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Jill has been blogging for Feministe since 2005.
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16 Responses

  1. Renee
    Renee June 8, 2009 at 12:10 pm |

    The hypocrisy of these so called “pro-life” people is disgusting. Of course they wanted harm or they would have redacted all of the personal information of the clinic staff from their flyers and communications. The way to promote life is not by promoting death or violence through passive aggressive means. What I am wondering is when the government is going to take this seriously and pass some laws that will ensure the safety of the doctors and staff that bravely work in these clinics.

  2. FashionablyEvil
    FashionablyEvil June 8, 2009 at 12:33 pm |

    The people who protested regularly outside George Tiller’s clinic are adrift! alone! after Tiller’s murder? Where did I pack that tiny violin…?

  3. mzbitca
    mzbitca June 8, 2009 at 12:36 pm |

    I was thinking, if Dr. Tiller’s clinic doesn’t reopen on Monday and there are still a ton of protestors out there it would be an excellant time to get out there with video cameras. I think it would be extremely powerful that less than two weeks after one of their own murdered a man they are still out screaming hate.

  4. Kathleen
    Kathleen June 8, 2009 at 12:46 pm |

    Is any kind of big national march for choice being planned in the aftermath of this? I know it’s been done before, and Tiller was still shot dead by terrorists who are winked at by the U.S. government, but it seems like a good time to try again.

  5. Kathleen
    Kathleen June 8, 2009 at 12:48 pm |

    Possibly in Wichita instead of Washington? Hotel stays would be cheaper, it’s a shorter drive for people who can’t afford to fly and don’t live on the East Coast. Or is this already in the works and I just haven’t heard about it?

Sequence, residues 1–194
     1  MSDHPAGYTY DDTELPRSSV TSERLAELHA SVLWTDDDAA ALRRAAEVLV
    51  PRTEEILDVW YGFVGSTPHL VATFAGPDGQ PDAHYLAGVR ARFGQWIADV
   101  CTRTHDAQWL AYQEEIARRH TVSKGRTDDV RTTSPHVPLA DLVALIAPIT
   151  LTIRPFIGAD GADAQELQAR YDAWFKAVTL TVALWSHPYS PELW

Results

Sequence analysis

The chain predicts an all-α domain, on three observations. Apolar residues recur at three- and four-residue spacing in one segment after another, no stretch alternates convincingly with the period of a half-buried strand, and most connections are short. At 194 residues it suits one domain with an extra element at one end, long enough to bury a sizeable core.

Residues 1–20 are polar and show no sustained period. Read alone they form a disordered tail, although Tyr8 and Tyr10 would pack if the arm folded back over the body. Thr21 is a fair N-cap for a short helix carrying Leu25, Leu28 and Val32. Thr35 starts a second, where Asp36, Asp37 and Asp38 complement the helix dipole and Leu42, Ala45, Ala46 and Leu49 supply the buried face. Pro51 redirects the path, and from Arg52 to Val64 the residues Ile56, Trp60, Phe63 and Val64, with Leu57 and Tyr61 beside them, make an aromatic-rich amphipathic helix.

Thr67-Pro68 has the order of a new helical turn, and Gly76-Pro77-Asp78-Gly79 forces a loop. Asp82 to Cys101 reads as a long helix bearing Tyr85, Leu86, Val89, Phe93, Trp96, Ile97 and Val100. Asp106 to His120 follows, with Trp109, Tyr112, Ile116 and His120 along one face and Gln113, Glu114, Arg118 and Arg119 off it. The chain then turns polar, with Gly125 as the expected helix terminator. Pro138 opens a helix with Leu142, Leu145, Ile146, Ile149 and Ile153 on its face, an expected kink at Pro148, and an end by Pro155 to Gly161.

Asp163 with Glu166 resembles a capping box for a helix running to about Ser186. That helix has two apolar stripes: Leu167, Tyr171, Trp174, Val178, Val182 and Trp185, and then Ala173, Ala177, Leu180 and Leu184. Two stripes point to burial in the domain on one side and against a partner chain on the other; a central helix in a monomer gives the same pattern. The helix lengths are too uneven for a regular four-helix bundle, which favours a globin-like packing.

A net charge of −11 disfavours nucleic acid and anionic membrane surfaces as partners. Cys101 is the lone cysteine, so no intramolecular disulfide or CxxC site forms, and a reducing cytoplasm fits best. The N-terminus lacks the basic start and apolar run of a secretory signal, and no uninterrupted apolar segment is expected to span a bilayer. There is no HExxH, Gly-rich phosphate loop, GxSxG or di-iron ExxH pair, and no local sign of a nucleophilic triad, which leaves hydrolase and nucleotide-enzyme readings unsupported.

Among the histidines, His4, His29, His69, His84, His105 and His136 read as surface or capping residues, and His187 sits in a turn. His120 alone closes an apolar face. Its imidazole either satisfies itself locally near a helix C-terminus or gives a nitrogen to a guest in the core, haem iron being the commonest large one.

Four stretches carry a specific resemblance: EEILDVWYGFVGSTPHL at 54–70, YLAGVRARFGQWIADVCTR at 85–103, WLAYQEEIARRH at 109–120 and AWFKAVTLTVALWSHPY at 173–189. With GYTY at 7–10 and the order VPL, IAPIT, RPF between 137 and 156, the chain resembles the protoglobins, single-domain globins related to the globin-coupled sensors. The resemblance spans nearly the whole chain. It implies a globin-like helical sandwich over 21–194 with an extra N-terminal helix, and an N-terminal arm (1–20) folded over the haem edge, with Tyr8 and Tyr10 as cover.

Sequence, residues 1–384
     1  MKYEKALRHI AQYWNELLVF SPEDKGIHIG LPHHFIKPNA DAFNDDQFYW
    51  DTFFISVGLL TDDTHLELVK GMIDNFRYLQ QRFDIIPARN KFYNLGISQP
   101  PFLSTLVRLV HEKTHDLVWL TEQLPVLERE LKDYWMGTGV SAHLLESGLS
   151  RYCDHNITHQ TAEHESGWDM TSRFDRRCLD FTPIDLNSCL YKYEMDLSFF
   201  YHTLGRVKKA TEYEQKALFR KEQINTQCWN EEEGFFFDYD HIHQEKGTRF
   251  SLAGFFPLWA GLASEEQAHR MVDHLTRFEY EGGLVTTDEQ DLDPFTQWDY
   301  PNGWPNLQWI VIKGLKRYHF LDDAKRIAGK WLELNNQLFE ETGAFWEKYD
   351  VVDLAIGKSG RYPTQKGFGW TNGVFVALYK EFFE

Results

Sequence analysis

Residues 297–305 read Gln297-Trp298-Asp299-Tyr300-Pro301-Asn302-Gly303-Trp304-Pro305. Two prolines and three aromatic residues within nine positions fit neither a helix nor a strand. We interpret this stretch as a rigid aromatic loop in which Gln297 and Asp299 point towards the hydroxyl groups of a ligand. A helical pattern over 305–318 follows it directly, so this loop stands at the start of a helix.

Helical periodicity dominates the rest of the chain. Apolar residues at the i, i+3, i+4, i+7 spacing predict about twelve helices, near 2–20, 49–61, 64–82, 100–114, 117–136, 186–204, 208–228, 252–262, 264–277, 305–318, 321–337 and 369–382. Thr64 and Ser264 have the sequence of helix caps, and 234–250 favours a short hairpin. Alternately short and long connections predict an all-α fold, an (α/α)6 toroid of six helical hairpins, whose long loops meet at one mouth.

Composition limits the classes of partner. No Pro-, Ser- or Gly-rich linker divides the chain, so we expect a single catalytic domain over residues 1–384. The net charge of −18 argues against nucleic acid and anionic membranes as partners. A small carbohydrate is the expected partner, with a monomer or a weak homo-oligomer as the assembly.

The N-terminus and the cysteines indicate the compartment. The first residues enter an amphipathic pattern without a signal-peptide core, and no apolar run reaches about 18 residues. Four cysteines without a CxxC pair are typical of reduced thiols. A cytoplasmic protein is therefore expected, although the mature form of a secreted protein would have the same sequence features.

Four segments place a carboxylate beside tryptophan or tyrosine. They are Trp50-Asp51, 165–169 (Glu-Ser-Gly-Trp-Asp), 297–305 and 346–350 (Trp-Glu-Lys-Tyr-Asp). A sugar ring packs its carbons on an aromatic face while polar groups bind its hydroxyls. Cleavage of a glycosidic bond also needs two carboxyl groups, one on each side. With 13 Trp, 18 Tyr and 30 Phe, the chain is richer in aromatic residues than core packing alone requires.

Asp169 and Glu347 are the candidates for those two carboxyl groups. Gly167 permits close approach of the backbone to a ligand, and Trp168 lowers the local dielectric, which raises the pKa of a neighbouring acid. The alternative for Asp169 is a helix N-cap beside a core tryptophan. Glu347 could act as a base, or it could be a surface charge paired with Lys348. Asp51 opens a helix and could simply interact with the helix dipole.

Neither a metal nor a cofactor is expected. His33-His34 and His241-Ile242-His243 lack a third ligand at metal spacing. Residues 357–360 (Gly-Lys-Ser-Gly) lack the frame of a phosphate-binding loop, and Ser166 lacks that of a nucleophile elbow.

6. Matt
    Matt June 8, 2009 at 2:16 pm |

    A great question from John Cole, via the Economist’s blog, “Democracy in America”:

    “So when do we get to start torturing this guy:
    The man charged with murdering a high-profile abortion doctor claimed from his jail cell Sunday that similar violence was planned around the nation for as long as the procedure remained legal, a threat that comes days after a federal investigation launched into his possible accomplices…

    Scott Roeder called The Associated Press from the Sedgwick County jail, where he’s being held on charges of first-degree murder and aggravated assault in the shooting of Dr. George Tiller one week ago…

    ‘I know there are many other similar events planned around the country as long as abortion remains legal,’ Roeder said.”

  7. Alexis
    Alexis June 8, 2009 at 2:51 pm |

    That Rolling Stone article is profoundly disturbing.

  8. lou
    lou June 8, 2009 at 4:36 pm |

    Perhaps stalking laws should be rewritten. What they are doing is harassment and stalking, clear and simple.

  9. Thomas
    Thomas June 8, 2009 at 4:56 pm |

    He is a terrorist. He admits knowledge of other pending terrorist operations. What will the administration do about this terrorist conspiracy?

  10. bluedancer
    bluedancer June 8, 2009 at 6:58 pm |